Ageing is the most important risk factor for development of metabolic diseases such as obesity and type-2 diabetes. It is emerging that age-related alterations in the biology of the adipose tissue underlie development of metabolic pathologies.
Dietary saturated fatty acids (SAFs) as well as bacterial endotoxins (LPS) have been implicated in the development of insulin resistance. However, there is a controversy as to whether in vivo such effects are mediated by SAFs or LPS as high fat feeding is thought to enhance the permeability of the gut to bacterial endotoxins. SAFs and LPS activate innate immunity signalling pathways, such as Toll-like receptor (TLR) and Tumour Necrosis Factor-a (TNF-a) pathways not only in immune cells, but also in metabolic cells, including adipocytes. However, comprehensive analysis of cell signalling pathway activation by metabolic stressors using high-throughput methods, such as mass spectrometry-based phosphoproteomics, have not been applied readily in the study of stress signalling in metabolic tissues, in the way these have been applied in the context of cancer cell signalling.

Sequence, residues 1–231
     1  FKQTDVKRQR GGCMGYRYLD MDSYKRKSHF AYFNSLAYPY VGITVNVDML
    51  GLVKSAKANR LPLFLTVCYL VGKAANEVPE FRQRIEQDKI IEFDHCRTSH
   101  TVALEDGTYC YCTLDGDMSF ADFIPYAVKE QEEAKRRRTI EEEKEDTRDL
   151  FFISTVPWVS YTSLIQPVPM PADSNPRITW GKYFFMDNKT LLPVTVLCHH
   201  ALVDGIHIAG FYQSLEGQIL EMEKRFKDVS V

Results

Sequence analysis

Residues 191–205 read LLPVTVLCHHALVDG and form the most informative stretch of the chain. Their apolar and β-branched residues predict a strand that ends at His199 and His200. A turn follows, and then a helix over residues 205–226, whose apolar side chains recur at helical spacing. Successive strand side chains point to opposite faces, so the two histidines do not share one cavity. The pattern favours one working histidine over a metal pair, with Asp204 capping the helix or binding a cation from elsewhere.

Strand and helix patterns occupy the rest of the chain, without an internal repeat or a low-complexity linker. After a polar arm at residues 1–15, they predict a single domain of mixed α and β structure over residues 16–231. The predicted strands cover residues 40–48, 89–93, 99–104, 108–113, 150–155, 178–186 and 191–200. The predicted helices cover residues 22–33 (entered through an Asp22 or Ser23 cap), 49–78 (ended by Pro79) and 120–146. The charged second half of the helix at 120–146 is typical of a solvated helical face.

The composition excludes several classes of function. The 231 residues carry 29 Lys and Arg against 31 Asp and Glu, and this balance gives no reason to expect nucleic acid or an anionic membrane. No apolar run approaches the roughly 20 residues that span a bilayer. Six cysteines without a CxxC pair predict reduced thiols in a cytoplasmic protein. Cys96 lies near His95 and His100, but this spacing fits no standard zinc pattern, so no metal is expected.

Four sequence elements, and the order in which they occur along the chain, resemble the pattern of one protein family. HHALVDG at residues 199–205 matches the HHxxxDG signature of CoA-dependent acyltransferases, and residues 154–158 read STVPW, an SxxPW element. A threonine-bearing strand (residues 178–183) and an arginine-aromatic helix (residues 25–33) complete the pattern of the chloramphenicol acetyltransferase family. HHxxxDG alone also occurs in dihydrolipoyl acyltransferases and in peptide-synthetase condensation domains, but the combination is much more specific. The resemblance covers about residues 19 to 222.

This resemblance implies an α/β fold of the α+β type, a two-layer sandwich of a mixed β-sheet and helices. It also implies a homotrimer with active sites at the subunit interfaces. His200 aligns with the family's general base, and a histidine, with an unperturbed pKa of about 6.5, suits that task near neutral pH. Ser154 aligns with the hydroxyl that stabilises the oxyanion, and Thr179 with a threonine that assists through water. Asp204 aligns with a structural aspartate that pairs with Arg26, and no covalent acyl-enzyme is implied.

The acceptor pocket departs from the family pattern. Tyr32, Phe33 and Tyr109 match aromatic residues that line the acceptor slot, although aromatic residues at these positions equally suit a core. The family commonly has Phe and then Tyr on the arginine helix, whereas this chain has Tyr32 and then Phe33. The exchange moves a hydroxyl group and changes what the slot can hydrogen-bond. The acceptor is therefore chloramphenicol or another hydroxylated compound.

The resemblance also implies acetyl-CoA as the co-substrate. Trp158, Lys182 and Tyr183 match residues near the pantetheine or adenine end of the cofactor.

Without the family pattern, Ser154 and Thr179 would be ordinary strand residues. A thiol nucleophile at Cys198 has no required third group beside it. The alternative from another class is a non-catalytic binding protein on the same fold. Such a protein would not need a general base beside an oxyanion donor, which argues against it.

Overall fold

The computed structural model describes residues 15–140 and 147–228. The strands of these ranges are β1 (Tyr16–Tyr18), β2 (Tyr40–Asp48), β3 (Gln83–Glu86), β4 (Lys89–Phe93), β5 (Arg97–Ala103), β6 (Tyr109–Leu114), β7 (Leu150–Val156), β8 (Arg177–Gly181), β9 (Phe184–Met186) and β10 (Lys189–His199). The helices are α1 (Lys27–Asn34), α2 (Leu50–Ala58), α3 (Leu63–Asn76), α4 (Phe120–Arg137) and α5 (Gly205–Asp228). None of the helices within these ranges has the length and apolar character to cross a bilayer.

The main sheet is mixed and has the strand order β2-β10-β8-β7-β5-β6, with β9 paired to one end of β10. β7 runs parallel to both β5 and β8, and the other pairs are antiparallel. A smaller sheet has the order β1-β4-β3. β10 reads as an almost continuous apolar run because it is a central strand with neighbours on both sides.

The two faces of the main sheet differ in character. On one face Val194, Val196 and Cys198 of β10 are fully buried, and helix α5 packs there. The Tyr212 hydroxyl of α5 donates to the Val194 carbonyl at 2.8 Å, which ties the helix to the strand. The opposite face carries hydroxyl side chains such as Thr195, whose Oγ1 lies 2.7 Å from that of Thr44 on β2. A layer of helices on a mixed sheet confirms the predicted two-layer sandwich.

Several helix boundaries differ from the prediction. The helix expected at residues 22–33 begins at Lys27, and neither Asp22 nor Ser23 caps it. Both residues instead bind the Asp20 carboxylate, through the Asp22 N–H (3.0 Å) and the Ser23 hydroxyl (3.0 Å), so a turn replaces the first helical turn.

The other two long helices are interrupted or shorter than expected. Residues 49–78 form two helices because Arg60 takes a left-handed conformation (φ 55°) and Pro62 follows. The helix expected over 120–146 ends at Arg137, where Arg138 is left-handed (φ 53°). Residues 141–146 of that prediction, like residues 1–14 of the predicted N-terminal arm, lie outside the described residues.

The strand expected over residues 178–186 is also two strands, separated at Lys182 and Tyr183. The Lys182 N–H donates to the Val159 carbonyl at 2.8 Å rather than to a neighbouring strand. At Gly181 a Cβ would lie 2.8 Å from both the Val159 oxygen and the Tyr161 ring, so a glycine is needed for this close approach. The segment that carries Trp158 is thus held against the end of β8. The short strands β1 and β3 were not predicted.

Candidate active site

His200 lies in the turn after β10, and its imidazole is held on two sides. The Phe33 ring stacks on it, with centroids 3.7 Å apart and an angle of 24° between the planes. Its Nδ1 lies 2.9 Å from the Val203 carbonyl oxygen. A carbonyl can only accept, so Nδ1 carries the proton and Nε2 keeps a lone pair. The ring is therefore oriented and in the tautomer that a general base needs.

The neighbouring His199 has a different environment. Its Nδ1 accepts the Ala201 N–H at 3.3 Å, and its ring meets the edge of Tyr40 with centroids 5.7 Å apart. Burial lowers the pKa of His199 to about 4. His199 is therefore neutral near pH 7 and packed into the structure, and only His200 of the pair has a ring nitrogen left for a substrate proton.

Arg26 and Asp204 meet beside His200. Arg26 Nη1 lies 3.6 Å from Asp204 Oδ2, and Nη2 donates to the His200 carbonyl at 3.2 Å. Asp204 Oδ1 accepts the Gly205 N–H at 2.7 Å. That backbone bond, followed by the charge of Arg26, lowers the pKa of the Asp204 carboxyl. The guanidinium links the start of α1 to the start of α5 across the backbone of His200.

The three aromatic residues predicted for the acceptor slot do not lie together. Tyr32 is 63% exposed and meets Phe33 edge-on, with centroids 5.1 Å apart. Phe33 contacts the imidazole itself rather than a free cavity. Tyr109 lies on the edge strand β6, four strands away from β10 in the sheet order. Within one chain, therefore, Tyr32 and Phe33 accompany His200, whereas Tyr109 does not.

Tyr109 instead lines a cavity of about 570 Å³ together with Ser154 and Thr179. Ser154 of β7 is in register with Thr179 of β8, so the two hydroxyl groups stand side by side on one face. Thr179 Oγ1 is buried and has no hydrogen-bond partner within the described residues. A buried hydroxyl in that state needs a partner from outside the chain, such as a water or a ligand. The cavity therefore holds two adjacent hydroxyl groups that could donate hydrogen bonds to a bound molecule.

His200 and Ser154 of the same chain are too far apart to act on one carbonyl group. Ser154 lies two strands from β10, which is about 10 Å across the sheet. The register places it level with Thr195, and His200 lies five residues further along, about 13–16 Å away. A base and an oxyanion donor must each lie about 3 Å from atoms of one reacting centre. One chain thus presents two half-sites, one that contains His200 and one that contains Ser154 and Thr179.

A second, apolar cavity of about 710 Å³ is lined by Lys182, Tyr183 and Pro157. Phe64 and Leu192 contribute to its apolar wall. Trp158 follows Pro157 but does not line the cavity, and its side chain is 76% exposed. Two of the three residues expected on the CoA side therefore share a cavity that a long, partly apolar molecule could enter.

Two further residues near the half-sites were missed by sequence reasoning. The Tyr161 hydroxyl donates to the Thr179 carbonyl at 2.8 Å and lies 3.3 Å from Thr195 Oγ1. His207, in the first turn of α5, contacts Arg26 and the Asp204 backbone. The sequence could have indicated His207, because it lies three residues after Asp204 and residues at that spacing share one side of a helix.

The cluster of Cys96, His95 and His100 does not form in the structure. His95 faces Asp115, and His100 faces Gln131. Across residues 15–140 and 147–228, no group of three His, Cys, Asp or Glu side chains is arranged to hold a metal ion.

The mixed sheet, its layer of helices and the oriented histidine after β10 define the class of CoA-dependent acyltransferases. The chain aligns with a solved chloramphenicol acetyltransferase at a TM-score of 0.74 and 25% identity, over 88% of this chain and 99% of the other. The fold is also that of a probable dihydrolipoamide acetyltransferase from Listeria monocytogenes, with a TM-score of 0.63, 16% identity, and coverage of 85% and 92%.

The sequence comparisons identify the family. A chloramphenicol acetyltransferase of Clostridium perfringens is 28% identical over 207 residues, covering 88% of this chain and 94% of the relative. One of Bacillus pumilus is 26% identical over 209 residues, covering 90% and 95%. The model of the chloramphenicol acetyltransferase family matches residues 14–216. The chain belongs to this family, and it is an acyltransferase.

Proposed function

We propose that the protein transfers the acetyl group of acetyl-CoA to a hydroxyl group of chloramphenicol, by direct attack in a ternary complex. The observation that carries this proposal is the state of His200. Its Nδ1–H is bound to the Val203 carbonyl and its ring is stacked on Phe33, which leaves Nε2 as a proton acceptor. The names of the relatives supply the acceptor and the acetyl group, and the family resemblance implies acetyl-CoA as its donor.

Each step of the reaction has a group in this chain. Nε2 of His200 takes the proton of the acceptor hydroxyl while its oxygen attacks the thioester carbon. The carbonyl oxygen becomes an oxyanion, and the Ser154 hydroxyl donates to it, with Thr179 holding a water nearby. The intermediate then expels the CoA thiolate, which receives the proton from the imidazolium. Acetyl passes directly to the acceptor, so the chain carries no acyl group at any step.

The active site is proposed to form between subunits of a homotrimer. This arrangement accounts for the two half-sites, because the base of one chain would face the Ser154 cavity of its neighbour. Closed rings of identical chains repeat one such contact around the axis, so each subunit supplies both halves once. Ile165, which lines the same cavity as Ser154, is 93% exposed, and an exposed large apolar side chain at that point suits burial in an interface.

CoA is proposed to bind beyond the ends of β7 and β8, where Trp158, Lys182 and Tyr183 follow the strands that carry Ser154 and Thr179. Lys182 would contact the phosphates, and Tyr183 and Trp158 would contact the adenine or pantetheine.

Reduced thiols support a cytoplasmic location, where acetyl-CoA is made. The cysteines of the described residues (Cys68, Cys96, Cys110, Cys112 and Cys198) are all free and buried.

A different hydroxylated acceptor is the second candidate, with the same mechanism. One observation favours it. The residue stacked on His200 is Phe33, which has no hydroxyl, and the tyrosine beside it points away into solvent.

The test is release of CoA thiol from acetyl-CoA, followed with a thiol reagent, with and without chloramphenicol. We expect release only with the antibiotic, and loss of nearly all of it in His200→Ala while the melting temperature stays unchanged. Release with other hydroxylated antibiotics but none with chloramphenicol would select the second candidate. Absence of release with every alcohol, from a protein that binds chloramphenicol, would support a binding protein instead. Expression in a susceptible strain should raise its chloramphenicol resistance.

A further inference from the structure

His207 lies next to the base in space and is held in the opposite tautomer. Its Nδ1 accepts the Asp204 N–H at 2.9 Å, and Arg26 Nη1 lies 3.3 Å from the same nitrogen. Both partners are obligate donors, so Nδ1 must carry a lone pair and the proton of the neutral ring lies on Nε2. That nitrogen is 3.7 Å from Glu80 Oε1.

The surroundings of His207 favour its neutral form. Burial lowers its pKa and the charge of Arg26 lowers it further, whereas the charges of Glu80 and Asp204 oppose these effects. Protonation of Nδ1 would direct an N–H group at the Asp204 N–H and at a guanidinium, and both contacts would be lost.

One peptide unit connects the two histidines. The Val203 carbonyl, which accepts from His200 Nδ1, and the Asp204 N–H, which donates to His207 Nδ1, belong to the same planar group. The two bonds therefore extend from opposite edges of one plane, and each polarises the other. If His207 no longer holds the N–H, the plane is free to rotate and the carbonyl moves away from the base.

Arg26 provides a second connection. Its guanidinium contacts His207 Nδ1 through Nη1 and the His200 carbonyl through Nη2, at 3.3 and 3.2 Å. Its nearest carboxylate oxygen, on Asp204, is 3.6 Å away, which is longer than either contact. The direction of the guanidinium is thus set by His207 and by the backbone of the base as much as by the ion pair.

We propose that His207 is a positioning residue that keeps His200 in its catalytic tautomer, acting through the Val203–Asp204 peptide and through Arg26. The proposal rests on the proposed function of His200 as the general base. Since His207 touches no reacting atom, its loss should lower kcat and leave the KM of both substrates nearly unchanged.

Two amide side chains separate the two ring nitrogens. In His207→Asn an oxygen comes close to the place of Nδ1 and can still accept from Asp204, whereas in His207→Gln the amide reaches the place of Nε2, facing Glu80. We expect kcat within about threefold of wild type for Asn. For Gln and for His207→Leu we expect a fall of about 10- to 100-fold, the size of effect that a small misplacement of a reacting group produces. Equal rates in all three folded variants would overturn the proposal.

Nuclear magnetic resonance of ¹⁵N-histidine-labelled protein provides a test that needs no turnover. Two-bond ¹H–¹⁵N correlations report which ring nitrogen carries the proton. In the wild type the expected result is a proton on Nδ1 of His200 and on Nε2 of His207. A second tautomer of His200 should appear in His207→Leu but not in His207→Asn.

Dietary nutrients and microbial components are known to affect metabolic health over the life course. Saturated fatty acids and bacterial endotoxins affect the cells of the immune system and metabolic tissues alike. These molecules are known to cause adverse metabolic effects through activation of inflammatory pathways. Developments in mass spectrometry-based proteomics provide a so far unexploited opportunity to identify signalling pathways activated by metabolic stressors. These pathways can potentially be targeted pharmacologically in the prevention or therapy of age-related metabolic diseases.
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